Risa Buck, Recology Ashland

Risa Buck

Risa Buck

One of the biggest challenges associated with waste disposal is consumer education. Risa Buck is the Waste Zero Specialist at Recology Ashland, a waste and recycling company that serves the Ashland and Talent area. Part of Buck’s job includes educating the public about proper disposal, recycling and waste prevention options. Buck speaks with local residents and businesses at the recycle center, retirement homes, schools or at Boy Scout meetings, and the Boys and Girls Club for example. She helps organize recycling opportunities at events such as the 4th of July celebration, Talent Harvest Festival and Bear Creek Salmon Festival, for example. She focuses on “low-hanging fruit” topics, which she describes as, “Opportunities that are available to people if they choose, like recycling.” Buck’s topics span from “A-Z”, but the focus is always on reducing the amount of waste that could end up in a landfill.

Food-related waste is a particularity tricky part of the waste disposal stream. The best way to reduce food scraps being trashed is to AVOID wasting food in the first place. Another way to deal with food scraps is by composting leftover food material at home. Currently, Recology Ashland does not have a post-consumer composting program for residential customers. They do, however, have a composting program for pre-consumer fruits and vegetables for businesses only. Fruits and vegetables must be uncooked and unprocessed in order to be accepted. These products can come, “from restaurants, coffee houses, SOU, bed and breakfasts” and similar businesses. Buck explains that the Department of Environmental Quality is concerned about post-consumer compost for three major reasons: Effluent (liquid from the composting process that could potentially go into streams and water tables), odor, and the ability of composting material to attract rodents. Recology does have a yard debris program for residential and commercial customers and offers composting classes each summer at the recycle center.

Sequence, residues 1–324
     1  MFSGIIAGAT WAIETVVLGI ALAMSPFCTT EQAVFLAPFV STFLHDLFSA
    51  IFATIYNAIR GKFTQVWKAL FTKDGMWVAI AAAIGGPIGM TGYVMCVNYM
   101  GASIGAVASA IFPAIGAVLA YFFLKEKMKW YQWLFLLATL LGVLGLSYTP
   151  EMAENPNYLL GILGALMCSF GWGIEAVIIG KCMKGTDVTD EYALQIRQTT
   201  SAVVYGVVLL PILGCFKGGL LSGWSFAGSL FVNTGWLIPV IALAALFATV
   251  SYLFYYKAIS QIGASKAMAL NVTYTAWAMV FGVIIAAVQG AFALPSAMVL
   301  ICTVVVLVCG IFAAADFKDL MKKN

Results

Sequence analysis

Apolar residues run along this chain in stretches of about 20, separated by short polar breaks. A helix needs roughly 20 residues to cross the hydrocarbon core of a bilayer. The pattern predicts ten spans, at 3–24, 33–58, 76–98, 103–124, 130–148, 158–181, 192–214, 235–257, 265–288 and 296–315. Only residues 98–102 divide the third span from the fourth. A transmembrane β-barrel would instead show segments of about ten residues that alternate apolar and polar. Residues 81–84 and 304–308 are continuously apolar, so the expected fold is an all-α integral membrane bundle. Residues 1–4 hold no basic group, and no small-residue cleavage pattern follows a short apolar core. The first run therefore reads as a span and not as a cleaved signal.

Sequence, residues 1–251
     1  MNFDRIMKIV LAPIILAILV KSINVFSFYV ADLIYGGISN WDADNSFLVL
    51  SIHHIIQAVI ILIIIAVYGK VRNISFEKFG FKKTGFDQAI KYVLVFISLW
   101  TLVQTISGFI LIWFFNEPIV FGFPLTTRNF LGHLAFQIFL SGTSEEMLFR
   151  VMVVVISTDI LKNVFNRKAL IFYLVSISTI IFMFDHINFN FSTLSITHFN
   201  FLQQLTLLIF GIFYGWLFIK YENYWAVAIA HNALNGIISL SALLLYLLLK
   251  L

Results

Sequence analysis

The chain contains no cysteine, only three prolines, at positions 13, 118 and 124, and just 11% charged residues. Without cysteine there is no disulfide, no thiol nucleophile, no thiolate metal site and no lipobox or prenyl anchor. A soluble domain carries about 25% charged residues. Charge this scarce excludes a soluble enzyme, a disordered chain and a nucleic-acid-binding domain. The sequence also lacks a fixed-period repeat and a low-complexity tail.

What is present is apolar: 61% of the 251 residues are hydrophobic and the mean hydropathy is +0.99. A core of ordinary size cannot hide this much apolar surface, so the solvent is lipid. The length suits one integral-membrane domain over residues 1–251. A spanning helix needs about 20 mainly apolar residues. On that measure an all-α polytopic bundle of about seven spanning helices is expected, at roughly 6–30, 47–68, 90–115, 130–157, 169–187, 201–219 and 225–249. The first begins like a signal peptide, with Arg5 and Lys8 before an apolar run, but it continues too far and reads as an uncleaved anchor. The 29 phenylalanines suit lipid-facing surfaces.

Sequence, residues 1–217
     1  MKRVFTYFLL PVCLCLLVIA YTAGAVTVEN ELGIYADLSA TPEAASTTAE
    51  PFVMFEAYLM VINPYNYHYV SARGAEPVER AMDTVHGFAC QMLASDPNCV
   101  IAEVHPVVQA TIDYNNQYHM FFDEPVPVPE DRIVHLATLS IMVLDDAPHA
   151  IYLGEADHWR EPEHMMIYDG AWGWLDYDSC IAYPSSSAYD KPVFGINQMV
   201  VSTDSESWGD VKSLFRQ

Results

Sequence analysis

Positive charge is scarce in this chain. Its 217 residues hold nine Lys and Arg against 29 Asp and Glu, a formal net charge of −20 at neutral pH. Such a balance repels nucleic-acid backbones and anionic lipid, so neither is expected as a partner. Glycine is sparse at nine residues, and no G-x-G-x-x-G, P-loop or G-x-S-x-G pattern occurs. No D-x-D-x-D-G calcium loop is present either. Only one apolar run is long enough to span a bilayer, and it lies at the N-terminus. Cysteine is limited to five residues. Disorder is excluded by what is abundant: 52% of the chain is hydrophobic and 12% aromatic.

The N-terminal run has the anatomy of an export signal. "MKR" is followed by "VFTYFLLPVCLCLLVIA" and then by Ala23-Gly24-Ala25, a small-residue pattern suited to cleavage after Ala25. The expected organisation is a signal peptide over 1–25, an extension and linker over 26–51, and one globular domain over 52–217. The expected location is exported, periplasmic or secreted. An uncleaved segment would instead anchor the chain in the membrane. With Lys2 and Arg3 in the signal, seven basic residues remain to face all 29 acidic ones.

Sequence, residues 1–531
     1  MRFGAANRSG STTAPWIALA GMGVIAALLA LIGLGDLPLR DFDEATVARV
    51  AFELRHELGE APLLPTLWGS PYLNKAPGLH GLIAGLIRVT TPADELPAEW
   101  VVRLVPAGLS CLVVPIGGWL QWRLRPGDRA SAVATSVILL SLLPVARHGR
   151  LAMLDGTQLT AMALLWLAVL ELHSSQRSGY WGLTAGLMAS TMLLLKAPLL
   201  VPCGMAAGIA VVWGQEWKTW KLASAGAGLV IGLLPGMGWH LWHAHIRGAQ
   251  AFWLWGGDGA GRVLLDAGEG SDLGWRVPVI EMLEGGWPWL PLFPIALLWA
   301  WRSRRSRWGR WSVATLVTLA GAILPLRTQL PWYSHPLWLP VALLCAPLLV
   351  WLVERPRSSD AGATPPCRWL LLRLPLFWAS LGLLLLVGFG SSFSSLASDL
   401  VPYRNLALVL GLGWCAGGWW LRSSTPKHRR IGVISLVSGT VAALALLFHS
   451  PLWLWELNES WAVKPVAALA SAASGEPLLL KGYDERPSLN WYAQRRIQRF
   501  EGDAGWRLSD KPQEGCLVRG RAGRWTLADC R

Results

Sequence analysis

Buck says that, “We would be delighted to offer community curbside food scrap pick-up. From our perspective, there’s two big questions to answer: One is what composting process makes the most sense, and two, whether the community is willing to pay for the cost of this service.” If you would like to see a post-consumer food-composting program in your community, Buck suggests contacting your elected county and city officials. To find out more about Recology Ashland, visit recologyashland.com.